Sea Jay deserve a "well done" for going the extra distance. Why the brand is so popular in the north made more and more sense the more time we spent in the Sea Jay 475 Wanderer.
Issue: October 2003
Manufacturer: Sea Jay Boats
Sea Jay boats have earned themselves an enviable reputation in rough tough North Queensland where roads aren't always good and ramps are usually worse. But as this neat little bowrider shows, there's more to boating in Sea Jays than tiller steered tinnies smeared with mangrove mud.
The 475 Wanderer is quite a civilised boat, but the good news is this has been achieved without sacrificing much of the toughness that has scored Sea Jay boats such high marks in the school of hard knocks. About the only "non-tough" thing about the 475 was the paint job. But paint isn't part of the job description for the average NQ tinnie, although in this case there's no disputing that it contributes greatly to the 475 Wanderer's visual appeal.
The Modern Boating team found the general standard of workmanship throughout the boat to be high in every aspect of its construction, from the welds holding the components of the hull together, to the factory-rigged accessory pack fitted to the test boat. This included the water skiing tow frame, prominent on the aft covering board, compass, stereo, Garmin sounder and the shade canopy. Inside the boat was comfortable without needing to be plush or luxurious.
Simple, easy to clean upholstery, an uncluttered deck from bow to transom and a slight step down into the bow area. And, where some of the other aluminium bowriders on the market don't even bother with a backrest for their bow and aft lounge seating, there they were on the Sea Jay. Again, basic and simple, but at least they were fitted. Bowriders are popular family boats for many valid reasons including the unprecedented duality their designs offer. The 475 Wanderer, like its highly successful contemporaries, has the ability to convert the bow lounge area into a casting deck with the simple addition of a drop-in section.
Plus, the aft lounge, which naturally enough takes up a lot of space when in place, can be easily lifted out and left at home if the space is needed. Elsewhere the boat continues to impress with a properly designed divided bow rail and anchor well and a baffle, which drops into place to make the helm area quite weather resistant. The canopy, fitted ex-factory, was one of the things we were less happy about, because it was set quite high and caught a lot of wind. But it was also not high enough to walk under, catching most of the team at forehead level.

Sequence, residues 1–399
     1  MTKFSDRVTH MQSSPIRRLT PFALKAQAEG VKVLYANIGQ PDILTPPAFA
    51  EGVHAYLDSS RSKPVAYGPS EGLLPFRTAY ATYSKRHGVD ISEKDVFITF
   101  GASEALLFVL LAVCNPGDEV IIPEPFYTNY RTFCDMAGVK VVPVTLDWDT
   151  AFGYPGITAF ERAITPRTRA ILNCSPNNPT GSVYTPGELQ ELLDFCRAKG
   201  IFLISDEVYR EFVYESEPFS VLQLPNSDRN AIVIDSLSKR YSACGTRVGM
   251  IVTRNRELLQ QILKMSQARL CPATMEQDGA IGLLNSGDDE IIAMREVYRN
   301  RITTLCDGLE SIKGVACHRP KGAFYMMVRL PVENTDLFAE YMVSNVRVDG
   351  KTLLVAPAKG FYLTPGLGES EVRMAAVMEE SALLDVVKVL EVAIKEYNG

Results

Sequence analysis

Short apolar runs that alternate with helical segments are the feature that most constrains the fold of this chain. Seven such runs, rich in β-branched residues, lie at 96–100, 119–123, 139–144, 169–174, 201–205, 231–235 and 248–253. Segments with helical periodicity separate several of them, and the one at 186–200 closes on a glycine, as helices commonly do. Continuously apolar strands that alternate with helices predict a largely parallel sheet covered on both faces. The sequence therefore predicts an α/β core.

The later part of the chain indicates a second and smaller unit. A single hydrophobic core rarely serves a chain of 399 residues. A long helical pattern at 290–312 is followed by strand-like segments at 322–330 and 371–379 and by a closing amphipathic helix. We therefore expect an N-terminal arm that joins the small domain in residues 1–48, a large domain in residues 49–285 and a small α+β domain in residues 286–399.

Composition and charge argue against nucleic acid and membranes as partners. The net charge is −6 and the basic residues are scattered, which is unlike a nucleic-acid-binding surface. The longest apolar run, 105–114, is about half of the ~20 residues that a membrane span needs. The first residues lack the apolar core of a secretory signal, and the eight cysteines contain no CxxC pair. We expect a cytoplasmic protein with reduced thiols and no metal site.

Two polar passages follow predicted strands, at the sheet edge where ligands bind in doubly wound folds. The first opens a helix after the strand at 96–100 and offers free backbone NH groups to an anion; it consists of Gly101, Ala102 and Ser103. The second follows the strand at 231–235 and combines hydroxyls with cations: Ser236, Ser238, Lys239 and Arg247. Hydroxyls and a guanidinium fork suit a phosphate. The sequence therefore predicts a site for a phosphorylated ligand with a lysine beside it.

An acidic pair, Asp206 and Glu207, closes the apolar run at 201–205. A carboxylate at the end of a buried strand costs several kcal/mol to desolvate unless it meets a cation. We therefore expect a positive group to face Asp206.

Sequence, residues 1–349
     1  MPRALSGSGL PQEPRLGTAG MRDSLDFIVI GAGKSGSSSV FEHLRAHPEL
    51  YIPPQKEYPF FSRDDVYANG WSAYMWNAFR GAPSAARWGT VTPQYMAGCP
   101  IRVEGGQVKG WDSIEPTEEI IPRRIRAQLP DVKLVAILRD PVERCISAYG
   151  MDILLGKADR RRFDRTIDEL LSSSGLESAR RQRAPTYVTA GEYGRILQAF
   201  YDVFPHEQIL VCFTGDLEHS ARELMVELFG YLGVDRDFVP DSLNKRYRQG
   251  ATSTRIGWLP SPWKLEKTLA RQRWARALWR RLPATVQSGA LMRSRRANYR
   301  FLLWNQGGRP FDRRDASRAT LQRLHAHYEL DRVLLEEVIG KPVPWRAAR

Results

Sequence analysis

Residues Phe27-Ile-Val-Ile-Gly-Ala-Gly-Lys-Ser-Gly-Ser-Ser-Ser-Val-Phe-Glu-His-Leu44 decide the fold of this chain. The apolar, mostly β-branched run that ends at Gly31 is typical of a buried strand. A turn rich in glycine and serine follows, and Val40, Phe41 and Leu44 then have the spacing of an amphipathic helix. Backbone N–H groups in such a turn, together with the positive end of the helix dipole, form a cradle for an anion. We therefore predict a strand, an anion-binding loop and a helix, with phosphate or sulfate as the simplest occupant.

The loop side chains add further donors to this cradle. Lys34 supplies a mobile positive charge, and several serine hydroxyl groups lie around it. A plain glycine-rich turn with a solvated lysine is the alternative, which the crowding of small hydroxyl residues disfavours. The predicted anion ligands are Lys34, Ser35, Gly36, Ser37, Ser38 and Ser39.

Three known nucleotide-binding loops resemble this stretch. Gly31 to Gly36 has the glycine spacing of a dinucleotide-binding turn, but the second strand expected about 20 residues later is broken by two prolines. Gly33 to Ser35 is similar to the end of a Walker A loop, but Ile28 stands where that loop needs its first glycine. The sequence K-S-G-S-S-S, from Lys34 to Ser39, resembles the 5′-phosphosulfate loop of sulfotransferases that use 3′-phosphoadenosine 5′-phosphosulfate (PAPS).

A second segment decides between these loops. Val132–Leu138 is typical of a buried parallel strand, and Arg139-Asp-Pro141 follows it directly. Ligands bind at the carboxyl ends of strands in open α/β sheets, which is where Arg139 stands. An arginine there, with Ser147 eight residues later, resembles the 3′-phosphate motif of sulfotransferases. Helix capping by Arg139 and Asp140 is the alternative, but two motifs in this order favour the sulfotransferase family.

Not that any complaints were to be heard when a rainsquall dampened proceedings, which gave us another perspective on the canopy altogether. This is not the boat for wide-open, prone to get rough water and in respect to that we conducted our test on the Brisbane River out from the Colmslie ramp, a few kays upstream of the Gateway Bridge. Sea Jay's hull looks similar to every other moderate deadrise aluminium boat on the market. But as we found, some subtle finetuning that was not immediately apparent during a casual inspection, held a few pleasant surprises.
One of the few things the team weren't overly impressed with was that the helm seat was set too low. At low to mid range speeds the 475 Wanderer tends to run a little bow high, as most similar hulls do, and this did affect the driver's vision forward from the helm. Perhaps it had been set up for someone taller than our 170cm tester, but if we owned one we'd definitely have to adjust the helm seat to raise the driver's line of sight.
It's not a difficult, nor an expensive thing to do, but it needs doing nonetheless, for shorter folk anyway. Apart from this the 475 Wanderer was completely at home across the light chop on those wide-open lower sections of the mighty Brisbane River estuary. But it wasn't too long before we succumbed to the inevitable and cranked on some steering lock turns at cruising speed.